His flight will come in on a Thursday evening, and you will have taken off work for the next day to spend time with him. You will bounce your leg as you sit on the couch in your apartment living room. You will turn your phone screen on and off to check the time, his face fading in and out with the minutes.
His flight lands at 8:55 pm.
It will take you fifteen minutes to drive to the airport, assuming that there is no traffic. It will take you five minutes to walk out of your apartment, lock the door, and get down to your car, assuming that you haven't forgotten something. You will check the time on your phone again: 8:15 pm. You get up. Maybe traffic will be heavy tonight.
He will wait.
Your car follows the circle drive up to meet him. He gives a wave, and you can see a slight grimace on his face. A man behind him is smoking a cigarette. You know how much he hates the smell. The kiss you give him is awkward and dry, a testament to how long it has been. Thinking about kissing him is not the same as kissing him, and kissing him now is not the same as it was the last time.
He has one bag.
You will tell him that he can put it anywhere, and he will place it in the corner of your room. "Don't want to take up to much space," he will say. He never does. His presence is much like that of the text notifications he sends you--there and peripheral.
He will suggest a drink.
You bought his favorite beer before he got here--a dark stout. Wheaty and grainy and warm. He likes to drink right out of the bottle, and you like to watch him. He tilts his head back and his thumb presses against the curve of the bottle neck. There is something about how easily he takes it, about how easily the dark liquid can slide down his throat and he can slide beside you on the couch, shoulder to shoulder. That warms you.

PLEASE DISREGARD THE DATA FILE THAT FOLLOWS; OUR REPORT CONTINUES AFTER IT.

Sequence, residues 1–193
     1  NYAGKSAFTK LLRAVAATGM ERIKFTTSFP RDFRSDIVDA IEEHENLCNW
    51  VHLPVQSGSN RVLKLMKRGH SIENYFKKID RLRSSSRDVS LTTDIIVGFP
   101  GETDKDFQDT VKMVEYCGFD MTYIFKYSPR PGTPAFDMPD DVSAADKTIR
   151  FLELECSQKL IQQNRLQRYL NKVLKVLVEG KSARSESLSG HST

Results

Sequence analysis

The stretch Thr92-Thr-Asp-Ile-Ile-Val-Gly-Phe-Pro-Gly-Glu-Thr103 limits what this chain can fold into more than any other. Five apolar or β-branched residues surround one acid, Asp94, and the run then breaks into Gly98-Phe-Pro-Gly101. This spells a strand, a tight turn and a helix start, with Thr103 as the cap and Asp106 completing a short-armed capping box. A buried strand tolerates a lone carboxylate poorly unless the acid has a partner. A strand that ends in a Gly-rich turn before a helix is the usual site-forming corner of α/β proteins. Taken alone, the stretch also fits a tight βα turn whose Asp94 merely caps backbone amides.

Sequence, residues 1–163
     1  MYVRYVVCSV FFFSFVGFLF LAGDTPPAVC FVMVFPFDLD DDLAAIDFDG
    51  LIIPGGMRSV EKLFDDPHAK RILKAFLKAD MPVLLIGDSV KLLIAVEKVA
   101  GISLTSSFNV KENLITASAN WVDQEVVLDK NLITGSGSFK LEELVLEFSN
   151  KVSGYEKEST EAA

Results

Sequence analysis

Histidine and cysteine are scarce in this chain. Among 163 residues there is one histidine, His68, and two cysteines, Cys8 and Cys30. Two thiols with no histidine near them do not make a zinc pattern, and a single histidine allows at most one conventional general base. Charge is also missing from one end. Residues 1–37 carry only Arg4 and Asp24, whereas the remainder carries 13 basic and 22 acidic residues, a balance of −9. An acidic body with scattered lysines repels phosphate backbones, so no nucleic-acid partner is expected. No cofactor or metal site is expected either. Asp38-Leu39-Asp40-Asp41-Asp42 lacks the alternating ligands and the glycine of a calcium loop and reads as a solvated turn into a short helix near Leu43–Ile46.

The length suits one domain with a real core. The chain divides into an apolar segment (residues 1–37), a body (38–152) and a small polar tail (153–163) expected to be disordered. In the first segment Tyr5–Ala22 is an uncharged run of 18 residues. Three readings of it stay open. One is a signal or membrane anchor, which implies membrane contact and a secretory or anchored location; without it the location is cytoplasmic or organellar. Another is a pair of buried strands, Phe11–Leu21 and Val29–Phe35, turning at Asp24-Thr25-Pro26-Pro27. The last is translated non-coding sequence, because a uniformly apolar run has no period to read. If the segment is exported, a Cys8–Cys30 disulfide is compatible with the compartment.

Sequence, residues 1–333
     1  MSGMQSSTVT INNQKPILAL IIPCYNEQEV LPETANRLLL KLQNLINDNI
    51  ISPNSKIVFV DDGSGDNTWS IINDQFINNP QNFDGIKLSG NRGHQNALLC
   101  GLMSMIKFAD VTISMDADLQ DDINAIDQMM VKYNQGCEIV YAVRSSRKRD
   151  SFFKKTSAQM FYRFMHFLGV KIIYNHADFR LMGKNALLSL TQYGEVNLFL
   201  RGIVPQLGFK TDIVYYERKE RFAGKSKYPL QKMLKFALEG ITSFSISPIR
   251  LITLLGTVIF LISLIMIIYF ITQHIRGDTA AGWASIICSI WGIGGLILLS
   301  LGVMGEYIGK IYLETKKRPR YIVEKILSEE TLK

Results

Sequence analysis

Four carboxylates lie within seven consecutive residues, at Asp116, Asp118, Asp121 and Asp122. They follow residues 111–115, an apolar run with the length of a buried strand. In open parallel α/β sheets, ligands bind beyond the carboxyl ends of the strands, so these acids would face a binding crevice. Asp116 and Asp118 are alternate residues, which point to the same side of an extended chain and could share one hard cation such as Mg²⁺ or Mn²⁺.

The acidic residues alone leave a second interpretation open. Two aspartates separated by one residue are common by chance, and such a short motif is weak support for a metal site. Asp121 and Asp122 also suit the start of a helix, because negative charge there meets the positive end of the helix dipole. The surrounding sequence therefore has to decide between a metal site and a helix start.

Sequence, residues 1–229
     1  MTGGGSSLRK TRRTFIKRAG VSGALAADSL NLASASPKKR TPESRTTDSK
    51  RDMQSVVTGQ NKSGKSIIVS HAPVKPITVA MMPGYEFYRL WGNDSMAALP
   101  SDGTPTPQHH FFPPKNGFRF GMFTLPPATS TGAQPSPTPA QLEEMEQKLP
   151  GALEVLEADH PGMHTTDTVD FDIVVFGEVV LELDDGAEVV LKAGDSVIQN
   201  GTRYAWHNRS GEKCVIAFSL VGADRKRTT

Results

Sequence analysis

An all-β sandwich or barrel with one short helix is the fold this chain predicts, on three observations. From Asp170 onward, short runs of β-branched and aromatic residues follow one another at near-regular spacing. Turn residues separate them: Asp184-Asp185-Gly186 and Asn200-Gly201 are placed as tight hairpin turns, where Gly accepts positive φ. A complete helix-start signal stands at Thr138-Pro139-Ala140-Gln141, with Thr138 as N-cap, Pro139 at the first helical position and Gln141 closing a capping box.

Where he starts.
He always starts in your chest--that moment where you feel foolish for being flustered by a look or lip curl or a laugh. He makes you feel full of helium. His feeling moves to your cheeks, red and delicate in the dim lighting of your apartment. The only true color. The feeling spreads to your hands and your stomach and your knees and your back. He always moves through you, and you always let him.
Where he is.
On the apartment balcony, he will blow cold air in your face like smoke (even though he hates smoking). The two of you look across the parking lot at the pulled blinds and curtains of sleepy people. One apartment catches your eye with its white string of premature Christmas lights wrapped around the balcony railing. You wonder why people rush towards what is so far away. Why people don't focus on what is in front of them--why they're are so eager to get to an idolized place that they will simply move past in an instant. But then you look at him leaning next to you, warmly lit and hazy in winter night mist, and then you understand.